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Feature
Staying Safe behind a Firewall
by Max Drayman, WINNERonline.com
26 November 2001

WINNERonline Casino TechWINNERonline is launching a series of articles about the technical side of online gambling. The first two articles are about firewalls, and how they protect your computer from intrusions while you're online.

Got a technical question about online gambling? Send us an e-mail and you might see your question in a future article.


Most people like to think of their web access as if it were a keyhole: they shove stuff out and stuff comes back but it all goes through a single, controlled point. Nothing could be further from the truth, however.

In fact, your computer has hundreds, sometimes thousands, of channels through which it communicates to the various services out in the Internet. So, as unsettling as it may be, it's more like looking at the web through a very large piece of Swiss cheese than a single keyhole.

Those holes are called "communication ports", or simply "ports", and despite the unfortunate name similarity they're not visible like the ports on the back of your computer. These ports are created and maintained by communication software and unless your computer has been told otherwise, it listens and responds to pretty much anything or anyone that attempts to talk to it - good or bad.

Statistics from a few months ago indicate that the average web-connected computer on a high-speed link sustains about a dozen "intrusion" attempts per day, of which maybe one or two a week are worthy of concern. A computer on a modem experiences less than half that number. And one in a hundred intrusion attempts is done by someone skillful enough to get anywhere with it.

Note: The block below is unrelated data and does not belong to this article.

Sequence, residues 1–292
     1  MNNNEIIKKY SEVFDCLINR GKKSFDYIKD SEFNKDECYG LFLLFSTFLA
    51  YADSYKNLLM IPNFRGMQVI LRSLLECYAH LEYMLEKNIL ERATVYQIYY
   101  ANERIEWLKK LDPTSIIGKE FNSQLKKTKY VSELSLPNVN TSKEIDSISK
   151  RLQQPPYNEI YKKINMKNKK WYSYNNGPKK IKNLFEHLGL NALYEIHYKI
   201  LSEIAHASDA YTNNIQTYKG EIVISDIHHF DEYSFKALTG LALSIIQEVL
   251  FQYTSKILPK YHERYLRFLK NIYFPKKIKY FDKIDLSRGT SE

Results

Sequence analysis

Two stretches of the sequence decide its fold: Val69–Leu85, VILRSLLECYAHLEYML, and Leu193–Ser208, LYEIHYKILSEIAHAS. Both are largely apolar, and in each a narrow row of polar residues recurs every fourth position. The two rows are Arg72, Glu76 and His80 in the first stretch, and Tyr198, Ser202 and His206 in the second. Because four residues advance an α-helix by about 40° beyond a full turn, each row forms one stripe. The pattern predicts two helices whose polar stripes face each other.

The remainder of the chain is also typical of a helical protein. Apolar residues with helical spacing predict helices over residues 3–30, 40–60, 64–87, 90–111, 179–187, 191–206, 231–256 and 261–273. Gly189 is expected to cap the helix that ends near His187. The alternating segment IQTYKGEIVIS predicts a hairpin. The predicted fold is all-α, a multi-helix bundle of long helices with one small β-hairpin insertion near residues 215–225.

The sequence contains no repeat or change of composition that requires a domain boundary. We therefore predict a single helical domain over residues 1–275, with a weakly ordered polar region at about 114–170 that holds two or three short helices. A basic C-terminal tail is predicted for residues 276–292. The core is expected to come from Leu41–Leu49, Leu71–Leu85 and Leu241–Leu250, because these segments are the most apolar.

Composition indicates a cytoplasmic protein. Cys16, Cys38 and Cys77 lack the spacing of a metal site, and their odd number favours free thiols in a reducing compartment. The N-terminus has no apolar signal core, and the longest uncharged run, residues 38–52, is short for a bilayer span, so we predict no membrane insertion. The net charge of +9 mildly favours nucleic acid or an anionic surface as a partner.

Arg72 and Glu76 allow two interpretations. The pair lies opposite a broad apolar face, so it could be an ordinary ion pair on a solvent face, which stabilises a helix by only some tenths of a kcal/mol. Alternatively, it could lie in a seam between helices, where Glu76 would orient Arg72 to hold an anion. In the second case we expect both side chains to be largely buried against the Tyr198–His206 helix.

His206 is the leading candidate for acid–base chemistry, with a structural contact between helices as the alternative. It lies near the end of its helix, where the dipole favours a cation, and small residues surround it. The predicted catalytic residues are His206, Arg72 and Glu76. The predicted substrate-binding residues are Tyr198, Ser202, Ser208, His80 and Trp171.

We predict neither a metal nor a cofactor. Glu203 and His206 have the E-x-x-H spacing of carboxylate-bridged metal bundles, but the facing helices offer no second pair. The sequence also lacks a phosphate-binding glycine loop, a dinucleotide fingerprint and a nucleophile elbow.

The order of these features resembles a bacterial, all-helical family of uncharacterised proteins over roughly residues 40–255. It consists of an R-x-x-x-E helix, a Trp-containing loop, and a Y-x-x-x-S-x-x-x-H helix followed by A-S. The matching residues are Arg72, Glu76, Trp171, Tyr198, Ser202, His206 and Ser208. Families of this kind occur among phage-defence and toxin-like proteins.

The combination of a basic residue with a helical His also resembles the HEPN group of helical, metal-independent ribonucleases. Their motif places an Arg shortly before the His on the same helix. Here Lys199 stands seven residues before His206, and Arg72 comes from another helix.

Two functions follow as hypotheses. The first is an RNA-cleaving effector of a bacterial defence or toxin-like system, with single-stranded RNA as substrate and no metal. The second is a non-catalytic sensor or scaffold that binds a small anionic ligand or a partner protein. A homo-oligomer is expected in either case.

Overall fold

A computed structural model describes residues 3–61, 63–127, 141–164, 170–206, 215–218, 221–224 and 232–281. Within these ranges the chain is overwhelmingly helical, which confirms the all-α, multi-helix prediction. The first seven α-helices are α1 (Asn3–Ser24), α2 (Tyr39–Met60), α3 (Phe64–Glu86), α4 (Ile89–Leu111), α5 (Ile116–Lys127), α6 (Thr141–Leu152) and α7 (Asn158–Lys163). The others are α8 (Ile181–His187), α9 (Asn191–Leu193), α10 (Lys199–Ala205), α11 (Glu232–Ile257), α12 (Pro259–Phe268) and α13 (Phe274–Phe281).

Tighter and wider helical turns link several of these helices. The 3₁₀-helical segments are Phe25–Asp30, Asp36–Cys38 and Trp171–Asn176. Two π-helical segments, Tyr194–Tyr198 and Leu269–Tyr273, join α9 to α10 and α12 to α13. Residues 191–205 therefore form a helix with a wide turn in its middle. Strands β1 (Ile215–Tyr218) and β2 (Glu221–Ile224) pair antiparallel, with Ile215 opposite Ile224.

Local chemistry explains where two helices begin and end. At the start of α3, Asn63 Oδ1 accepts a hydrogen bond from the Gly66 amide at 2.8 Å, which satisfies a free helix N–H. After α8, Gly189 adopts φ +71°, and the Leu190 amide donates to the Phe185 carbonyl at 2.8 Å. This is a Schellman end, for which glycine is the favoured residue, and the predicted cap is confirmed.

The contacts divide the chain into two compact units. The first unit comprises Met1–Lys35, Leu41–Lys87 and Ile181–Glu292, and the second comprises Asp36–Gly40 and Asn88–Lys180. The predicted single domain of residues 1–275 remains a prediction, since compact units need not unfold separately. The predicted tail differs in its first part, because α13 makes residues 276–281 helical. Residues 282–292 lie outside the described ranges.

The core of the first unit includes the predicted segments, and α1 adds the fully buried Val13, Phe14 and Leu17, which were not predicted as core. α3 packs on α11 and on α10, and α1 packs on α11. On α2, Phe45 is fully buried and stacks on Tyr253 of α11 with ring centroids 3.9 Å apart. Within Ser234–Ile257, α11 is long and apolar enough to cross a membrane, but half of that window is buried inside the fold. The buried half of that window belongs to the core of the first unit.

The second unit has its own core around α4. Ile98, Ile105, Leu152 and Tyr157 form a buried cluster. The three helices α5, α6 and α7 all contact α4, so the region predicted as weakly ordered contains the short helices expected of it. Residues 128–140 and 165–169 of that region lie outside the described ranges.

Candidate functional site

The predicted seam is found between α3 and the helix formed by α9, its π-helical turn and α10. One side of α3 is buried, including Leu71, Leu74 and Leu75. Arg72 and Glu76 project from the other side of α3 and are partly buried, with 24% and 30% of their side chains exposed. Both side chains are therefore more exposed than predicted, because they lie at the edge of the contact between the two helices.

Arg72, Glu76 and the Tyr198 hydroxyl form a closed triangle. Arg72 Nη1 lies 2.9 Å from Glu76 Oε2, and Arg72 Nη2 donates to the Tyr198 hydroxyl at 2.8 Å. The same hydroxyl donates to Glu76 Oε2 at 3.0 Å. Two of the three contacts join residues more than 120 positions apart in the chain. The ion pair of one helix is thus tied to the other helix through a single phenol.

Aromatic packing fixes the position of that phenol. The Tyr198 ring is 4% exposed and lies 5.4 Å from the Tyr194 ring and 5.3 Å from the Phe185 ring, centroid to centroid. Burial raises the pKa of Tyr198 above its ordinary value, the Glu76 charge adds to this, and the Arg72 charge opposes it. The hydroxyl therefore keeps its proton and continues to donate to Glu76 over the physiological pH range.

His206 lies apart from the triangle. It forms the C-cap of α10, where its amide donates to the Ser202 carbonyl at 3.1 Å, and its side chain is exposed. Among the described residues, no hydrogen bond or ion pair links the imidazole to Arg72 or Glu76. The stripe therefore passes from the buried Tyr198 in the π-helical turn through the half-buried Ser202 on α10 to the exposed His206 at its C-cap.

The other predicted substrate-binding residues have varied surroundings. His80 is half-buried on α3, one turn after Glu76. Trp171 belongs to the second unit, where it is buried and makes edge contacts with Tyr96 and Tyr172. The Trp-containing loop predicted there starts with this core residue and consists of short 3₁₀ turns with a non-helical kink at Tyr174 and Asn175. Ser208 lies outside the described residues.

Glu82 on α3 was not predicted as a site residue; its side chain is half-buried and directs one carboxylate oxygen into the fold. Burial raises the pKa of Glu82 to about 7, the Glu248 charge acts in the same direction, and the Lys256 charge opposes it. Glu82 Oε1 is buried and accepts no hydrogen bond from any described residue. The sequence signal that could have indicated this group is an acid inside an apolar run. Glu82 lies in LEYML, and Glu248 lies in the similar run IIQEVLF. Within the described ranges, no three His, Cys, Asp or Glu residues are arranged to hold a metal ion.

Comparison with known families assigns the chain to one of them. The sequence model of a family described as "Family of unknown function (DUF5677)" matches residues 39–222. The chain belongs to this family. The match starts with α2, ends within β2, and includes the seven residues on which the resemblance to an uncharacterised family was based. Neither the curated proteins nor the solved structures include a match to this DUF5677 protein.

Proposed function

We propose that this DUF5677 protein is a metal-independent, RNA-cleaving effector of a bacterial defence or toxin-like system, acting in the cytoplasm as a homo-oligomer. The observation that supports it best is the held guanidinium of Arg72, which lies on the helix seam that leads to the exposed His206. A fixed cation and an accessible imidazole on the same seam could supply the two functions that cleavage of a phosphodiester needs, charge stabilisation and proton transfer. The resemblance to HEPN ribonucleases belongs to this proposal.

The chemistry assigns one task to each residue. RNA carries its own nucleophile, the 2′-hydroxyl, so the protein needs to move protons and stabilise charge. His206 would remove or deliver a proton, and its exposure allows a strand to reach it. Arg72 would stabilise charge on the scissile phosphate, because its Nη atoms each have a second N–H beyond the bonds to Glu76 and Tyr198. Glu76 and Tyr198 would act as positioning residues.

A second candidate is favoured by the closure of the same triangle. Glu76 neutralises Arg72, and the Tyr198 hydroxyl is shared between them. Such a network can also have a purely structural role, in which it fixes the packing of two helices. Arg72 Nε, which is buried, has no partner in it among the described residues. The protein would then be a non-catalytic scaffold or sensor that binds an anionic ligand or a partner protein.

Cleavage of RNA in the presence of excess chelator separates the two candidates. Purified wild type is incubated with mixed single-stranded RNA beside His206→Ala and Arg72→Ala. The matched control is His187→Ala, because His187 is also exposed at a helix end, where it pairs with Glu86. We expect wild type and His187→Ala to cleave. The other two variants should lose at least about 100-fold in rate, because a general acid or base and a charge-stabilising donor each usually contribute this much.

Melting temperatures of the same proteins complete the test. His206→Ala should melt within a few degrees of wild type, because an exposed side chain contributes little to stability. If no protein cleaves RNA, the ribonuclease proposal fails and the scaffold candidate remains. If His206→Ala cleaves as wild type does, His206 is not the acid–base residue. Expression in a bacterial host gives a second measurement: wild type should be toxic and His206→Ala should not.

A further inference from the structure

What all of that means is, give or take a little, your computer will be successfully broken into once every two years or so. And that's not exactly a good thing.

Since all web communication takes place through one port or another, they are by necessity the hacker's points of attack. They're not unlike the points of access into your home; if you leave your front door wide open when you take off for the long weekend, you probably wouldn't be too surprised if someone decided to walk through it.

The same is true with the ports on your computer: if they're not closed, they're open. Given this a good, healthy precautionary approach is "lock it up unless you've got a good reason not to."

So how do you protect your computer from intrusions? The answer is with firewall security software. Firewall software restricts access to your computer's communication ports per a set of access rights called "rules."

Basically, a firewall has rules that determine who can and can't access your computer, through which ports that communication can take place, and what kind of communication is allowed through that port.

Personally, I have sustained three severe attacks in as many years but none in the past 18 months, which is how long I've been using special firewall security software. The question then is, "does everyone need to be using some sort of firewall?" It's a personal decision, but people who spend a lot of time online should seriously consider installing and running a firewall.

Once you've made that decision, the next thing to look at is how you go about getting one and how a firewall will affect your online gaming experience. That's where we'll pick up next time.

Read Part 2 of this article.

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